"[Dario] has the ability to understand the whole picture, understand where he is in the whole picture, where he needs to be,| continued Ganassi. "Without much fanfare, he figures out how to get the job done. I would say that's a lot like [his current team mate, Scott] Dixon."
Ganassi was also quick to credit his entire team operation in the achievements of dominating the last half decade of open wheel racing in the US since the reunification of the sport under the IndyCar banner.
"You have so many people that work so, so hard putting this thing together," he said. "That's what's great about having a great team of people, whether it's having a great driver, having a great team manager, having a great engineer, having a great crew chief. It takes a whole team these days to win these things. I couldn't be more proud of our people."
And Franchitti was in full agreement that a lot of his ability to go out on the race track and get the job done was having confidence that he had the very best equipment under him.
"I have so much faith in every single person that works for Team Target. They do their job; I don't have to worry about it," he said. "They're the best in the business. They give me such confidence, whether it's Barry and Chip and Chris calling the strategy, Chris with the engineer and the boys on the car, Kevin O'Donnell, all the guys. I don't worry about it."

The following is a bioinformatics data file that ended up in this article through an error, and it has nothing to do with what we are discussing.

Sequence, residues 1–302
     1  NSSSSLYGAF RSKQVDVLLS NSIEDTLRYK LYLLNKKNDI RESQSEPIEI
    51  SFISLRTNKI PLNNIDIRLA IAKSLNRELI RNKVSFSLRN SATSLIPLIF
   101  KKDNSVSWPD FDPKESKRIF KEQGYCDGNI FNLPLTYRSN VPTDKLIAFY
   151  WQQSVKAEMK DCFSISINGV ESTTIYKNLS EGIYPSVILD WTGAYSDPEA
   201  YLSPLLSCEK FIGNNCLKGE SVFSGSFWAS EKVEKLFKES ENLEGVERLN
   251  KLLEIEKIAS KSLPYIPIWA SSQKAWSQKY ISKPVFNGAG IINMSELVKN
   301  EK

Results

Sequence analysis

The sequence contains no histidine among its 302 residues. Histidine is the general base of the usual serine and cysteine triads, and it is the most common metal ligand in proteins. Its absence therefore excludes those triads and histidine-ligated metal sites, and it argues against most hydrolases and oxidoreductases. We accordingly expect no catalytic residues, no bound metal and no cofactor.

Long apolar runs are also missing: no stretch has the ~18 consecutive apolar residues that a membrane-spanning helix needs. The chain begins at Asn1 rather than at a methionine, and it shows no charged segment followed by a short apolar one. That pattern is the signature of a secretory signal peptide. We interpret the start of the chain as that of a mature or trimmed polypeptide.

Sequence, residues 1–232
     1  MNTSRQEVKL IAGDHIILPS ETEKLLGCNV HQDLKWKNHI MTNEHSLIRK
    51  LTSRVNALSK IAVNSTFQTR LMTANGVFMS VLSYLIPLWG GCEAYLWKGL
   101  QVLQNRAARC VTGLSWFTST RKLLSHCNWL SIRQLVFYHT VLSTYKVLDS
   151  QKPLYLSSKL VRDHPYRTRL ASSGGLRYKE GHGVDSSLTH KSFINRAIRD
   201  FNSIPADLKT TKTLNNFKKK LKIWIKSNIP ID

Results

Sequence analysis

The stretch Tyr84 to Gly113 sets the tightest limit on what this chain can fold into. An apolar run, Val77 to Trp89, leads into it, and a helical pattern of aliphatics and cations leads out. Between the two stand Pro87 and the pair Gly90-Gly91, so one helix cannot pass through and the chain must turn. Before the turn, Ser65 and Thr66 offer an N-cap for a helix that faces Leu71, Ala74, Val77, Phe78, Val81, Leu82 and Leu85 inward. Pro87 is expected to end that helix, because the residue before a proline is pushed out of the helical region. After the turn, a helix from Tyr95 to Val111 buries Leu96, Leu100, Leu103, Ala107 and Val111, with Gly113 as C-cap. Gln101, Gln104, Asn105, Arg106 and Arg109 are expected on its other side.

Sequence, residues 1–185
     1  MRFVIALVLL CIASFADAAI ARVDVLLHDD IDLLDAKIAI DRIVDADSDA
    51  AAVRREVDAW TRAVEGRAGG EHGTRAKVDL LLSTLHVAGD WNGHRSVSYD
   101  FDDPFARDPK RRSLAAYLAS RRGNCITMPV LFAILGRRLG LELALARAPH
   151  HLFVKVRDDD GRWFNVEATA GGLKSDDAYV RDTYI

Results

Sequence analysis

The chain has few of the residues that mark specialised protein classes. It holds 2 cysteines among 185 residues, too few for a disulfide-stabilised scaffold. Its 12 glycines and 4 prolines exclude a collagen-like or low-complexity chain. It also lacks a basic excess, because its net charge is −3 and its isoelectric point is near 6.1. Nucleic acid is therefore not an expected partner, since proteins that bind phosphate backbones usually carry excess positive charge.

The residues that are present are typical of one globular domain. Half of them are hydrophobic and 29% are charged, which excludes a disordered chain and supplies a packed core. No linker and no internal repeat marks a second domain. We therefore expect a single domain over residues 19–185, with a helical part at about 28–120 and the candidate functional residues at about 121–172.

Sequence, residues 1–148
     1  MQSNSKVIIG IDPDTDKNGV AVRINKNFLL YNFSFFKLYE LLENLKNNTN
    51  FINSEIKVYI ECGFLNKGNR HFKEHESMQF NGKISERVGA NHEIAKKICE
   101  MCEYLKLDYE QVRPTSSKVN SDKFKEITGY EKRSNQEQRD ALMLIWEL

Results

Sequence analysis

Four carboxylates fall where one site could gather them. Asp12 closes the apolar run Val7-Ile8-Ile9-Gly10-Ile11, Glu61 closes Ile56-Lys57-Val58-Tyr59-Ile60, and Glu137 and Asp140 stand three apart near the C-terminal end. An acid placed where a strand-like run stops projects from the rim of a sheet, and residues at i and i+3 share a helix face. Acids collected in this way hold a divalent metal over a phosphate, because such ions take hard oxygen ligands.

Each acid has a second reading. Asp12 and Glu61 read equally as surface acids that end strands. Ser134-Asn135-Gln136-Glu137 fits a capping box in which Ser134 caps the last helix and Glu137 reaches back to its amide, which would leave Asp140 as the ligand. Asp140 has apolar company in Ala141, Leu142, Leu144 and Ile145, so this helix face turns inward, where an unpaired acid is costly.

As for his future, Franchitti denied that he had any plans to quit any time soon.
"I haven't really thought about [life after driving] so much," he insisted. "I would say the last really four or five years, I haven't looked that far ahead. I've just kept my focus really quite close and am enjoying what I'm doing, stay focused on that, being successful. I think that has worked.
"In some ways being part of the Target team with Chip as well has kind of taught me that, how those guys go racing," he added. "That's been kind of a lesson I've learned: keep the focus on the here and now and try to do your maximum."